Intercultural competences – To what extent are these skills an asset when looking for a job? (3/3)​

EPICUR > Intercultural competences – To what extent are these skills an asset when looking for a job? (3/3)​


Study career advisor | UvA

“All these skills are a big asset for organisations and teams. Especially nowadays, the labour market is changing rapidly because of automatization, technological developments or for example a global pandemic, it is important that you can adapt quickly, to be open to other perspectives, to be willing to learn new things and develop yourself, and
that you’re able to communicate in an appropriate manner and can reflect on your own doings.”


EPICUR Research project officer | UHA

“So I think that these skills should not be highlighted explicitly on a CV. I have intercultural competences but it’s more something that we will see through my experience, my professional, academic, personal background. The places where the person has lived. The different actions in which the person has participated. The different jobs that the person has had and where they have worked.”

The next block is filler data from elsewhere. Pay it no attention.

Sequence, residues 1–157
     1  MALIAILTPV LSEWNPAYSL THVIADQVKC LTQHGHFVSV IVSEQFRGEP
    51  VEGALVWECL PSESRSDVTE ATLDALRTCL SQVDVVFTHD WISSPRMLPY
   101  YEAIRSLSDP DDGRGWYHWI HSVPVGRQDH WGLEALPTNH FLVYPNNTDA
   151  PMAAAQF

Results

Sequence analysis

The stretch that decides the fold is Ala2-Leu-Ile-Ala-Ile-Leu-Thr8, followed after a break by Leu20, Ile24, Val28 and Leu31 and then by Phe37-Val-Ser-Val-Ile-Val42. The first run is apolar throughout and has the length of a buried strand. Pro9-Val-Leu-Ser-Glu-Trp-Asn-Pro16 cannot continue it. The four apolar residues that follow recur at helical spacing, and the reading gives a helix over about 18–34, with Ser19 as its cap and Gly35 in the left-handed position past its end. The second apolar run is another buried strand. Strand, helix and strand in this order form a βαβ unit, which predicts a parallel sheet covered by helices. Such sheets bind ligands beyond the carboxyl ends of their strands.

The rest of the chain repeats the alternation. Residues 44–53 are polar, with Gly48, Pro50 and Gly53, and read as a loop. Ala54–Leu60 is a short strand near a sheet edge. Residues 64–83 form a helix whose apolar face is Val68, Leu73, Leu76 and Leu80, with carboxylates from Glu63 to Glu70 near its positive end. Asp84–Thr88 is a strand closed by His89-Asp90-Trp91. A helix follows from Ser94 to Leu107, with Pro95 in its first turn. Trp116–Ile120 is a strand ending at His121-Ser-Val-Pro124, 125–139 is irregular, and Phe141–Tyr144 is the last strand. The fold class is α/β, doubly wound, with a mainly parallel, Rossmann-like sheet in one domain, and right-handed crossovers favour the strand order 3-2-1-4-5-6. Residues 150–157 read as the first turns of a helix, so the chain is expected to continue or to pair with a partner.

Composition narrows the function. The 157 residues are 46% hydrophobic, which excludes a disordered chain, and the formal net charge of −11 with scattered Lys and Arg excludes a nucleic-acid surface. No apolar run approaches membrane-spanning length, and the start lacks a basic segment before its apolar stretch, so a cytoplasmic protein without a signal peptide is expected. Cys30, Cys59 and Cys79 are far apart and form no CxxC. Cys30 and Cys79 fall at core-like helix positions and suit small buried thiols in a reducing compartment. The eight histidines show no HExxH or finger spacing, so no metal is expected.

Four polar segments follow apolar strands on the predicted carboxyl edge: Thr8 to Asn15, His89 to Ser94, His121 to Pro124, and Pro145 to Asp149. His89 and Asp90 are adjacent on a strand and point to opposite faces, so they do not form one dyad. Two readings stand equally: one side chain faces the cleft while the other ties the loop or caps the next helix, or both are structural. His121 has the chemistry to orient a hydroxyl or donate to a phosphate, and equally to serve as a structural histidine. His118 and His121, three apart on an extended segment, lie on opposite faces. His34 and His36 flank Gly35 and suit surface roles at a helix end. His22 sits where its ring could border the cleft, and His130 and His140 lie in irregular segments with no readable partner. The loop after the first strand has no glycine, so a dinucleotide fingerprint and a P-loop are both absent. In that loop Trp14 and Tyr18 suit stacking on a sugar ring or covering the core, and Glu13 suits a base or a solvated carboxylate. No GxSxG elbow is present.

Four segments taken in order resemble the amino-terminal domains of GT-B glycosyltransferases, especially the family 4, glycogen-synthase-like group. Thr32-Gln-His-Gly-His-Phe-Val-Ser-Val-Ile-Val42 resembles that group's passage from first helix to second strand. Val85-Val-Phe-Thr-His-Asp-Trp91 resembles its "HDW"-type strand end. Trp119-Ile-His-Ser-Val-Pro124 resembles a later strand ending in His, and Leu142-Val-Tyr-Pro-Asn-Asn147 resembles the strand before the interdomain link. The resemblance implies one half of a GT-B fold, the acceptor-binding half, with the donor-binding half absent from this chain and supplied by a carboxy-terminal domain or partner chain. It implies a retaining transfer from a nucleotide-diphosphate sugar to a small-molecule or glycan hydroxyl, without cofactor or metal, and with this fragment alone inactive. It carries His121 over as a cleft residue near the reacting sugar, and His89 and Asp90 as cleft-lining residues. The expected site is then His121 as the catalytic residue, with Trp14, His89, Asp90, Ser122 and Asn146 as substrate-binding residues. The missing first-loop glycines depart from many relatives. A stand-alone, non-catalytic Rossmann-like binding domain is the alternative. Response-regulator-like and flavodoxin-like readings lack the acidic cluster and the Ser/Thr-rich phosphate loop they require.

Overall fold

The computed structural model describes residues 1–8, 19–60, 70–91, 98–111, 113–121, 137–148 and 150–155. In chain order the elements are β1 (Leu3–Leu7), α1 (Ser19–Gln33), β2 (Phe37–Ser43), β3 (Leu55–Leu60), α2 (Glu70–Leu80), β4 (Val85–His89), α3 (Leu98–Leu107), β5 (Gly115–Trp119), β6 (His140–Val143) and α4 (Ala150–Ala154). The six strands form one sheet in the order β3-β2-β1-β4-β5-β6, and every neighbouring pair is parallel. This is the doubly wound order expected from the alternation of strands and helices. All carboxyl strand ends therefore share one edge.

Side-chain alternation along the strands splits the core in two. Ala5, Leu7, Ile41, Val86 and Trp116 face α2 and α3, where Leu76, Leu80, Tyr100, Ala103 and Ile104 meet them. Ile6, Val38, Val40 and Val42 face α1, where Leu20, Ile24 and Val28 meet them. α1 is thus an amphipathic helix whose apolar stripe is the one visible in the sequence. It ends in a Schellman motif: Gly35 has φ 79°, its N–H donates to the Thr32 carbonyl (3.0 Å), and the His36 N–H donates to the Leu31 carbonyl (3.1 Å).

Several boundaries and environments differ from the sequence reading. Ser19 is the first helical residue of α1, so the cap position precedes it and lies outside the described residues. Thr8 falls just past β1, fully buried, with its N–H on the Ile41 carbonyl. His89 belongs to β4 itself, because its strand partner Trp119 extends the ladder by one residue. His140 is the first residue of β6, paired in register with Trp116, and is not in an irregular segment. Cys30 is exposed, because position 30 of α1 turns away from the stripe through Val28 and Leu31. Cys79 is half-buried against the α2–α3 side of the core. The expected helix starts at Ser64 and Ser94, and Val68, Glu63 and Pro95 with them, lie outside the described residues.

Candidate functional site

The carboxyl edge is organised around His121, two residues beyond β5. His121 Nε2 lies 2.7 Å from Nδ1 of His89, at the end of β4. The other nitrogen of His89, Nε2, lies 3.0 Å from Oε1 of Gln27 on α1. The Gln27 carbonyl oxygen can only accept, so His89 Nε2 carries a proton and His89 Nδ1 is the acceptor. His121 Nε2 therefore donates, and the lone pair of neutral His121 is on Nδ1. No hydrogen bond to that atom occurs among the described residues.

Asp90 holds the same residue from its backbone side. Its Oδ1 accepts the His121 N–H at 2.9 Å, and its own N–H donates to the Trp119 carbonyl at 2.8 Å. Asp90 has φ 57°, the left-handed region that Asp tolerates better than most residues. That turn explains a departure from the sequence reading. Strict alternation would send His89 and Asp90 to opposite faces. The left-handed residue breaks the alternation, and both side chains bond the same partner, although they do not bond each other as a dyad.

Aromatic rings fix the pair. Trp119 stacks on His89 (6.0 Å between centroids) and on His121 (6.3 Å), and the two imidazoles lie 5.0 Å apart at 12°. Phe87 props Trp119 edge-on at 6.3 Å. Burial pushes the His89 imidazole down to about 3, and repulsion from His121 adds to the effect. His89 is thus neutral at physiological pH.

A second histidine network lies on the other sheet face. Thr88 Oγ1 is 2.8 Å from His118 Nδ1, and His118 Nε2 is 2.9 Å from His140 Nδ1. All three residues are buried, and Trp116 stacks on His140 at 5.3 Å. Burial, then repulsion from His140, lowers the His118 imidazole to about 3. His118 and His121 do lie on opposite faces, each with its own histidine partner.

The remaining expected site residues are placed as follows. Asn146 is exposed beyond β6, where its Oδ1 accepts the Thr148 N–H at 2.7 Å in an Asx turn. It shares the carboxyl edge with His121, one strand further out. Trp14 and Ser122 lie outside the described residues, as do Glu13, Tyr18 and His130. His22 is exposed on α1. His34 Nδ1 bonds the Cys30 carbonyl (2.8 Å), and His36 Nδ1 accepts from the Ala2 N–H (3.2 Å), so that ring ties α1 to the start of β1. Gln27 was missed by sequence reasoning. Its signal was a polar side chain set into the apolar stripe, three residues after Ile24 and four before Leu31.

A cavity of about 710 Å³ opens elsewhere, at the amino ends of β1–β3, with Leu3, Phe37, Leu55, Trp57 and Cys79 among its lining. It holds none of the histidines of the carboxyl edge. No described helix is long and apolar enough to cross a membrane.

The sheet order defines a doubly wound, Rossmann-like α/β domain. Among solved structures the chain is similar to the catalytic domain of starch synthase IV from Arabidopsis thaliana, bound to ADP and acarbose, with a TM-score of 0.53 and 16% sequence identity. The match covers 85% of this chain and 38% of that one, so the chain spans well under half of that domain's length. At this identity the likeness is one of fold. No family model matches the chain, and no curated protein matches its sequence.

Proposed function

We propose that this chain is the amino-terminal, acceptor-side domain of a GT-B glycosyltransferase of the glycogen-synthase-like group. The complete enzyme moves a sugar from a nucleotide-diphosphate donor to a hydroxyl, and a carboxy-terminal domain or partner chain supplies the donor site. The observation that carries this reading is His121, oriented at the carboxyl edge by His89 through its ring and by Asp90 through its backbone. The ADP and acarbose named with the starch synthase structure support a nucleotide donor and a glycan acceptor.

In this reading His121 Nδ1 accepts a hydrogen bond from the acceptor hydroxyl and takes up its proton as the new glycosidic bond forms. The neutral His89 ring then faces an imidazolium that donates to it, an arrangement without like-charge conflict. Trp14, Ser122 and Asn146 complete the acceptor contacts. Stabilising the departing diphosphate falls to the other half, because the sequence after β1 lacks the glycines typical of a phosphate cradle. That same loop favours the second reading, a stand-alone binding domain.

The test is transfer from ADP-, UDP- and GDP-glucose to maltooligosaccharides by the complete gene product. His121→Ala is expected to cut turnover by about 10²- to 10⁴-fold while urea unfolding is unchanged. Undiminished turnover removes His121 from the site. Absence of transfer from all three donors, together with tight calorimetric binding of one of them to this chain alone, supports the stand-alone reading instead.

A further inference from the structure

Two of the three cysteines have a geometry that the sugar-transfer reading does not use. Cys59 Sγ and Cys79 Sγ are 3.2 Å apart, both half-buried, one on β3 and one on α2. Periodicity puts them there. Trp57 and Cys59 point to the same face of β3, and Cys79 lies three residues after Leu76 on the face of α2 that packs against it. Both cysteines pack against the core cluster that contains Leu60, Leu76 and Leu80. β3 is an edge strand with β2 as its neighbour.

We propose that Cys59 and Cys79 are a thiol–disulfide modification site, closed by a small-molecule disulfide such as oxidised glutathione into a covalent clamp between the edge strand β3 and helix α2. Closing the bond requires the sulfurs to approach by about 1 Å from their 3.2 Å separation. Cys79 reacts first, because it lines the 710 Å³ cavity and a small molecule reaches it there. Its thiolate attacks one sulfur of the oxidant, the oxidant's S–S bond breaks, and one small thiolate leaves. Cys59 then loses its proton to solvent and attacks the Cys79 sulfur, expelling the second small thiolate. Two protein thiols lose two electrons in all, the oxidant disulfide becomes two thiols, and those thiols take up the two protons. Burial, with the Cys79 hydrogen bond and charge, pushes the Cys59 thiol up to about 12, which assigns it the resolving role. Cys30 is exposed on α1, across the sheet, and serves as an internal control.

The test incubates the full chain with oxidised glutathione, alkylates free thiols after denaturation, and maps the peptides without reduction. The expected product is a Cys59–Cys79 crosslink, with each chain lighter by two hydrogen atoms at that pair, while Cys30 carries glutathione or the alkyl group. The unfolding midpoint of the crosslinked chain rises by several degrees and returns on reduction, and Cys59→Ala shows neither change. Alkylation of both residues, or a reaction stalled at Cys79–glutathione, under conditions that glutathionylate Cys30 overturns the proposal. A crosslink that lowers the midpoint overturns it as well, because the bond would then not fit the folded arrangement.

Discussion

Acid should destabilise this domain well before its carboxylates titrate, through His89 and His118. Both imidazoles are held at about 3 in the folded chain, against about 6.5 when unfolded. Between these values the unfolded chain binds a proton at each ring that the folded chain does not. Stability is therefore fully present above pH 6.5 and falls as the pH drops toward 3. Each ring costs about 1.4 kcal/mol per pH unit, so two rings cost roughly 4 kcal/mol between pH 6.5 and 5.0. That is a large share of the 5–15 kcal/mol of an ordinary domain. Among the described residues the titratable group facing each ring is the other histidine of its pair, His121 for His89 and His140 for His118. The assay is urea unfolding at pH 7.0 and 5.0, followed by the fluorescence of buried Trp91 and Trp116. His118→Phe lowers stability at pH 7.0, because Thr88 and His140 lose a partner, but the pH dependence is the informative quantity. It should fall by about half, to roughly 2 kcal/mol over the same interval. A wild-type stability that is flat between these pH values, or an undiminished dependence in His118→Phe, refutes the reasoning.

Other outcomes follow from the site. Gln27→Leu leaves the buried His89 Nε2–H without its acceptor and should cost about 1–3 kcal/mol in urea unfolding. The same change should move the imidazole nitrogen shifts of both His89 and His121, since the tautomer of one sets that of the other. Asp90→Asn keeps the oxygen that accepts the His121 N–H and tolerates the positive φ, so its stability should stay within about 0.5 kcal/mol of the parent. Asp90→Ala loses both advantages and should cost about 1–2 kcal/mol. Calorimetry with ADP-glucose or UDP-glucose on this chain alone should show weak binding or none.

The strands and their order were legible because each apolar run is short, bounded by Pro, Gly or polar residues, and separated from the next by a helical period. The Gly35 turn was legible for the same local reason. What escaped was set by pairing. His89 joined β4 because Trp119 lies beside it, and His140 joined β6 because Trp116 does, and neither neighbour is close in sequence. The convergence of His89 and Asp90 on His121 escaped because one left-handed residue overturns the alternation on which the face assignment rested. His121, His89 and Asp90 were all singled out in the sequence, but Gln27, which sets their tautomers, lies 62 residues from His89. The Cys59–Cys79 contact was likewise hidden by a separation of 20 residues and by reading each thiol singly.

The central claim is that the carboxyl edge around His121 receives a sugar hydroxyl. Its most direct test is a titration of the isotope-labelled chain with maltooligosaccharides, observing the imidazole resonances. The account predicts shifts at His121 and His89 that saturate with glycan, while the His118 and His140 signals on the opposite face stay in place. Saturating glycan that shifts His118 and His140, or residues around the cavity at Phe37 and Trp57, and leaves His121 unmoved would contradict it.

Communication officer | UFR

“Intercultural competences are important in today’s labour market, in a world that is becoming more and more globalized. Of course the work environments are more diverse and you work much more with other countries, and so far these skills and competences are very important for the employers. They should be in every CV, starting with stays abroad or even with foreign language skills that I think is a very important point in the CV.”


English teacher | KIT

“These intercultural skills can be applied in any work environment. Particularly if you happen to be working in communication, for example when you meet somebody, how do you talk to them? How do you write emails? Simply, you can learn this by observing if you’re just at a conference somewhere.”

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